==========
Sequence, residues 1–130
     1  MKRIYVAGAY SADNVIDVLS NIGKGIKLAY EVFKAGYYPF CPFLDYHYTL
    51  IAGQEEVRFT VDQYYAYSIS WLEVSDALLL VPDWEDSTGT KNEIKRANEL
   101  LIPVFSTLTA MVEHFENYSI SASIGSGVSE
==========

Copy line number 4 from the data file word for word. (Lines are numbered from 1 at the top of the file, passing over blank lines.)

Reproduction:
   101  LIPVFSTLTA MVEHFENYSI SASIGSGVSE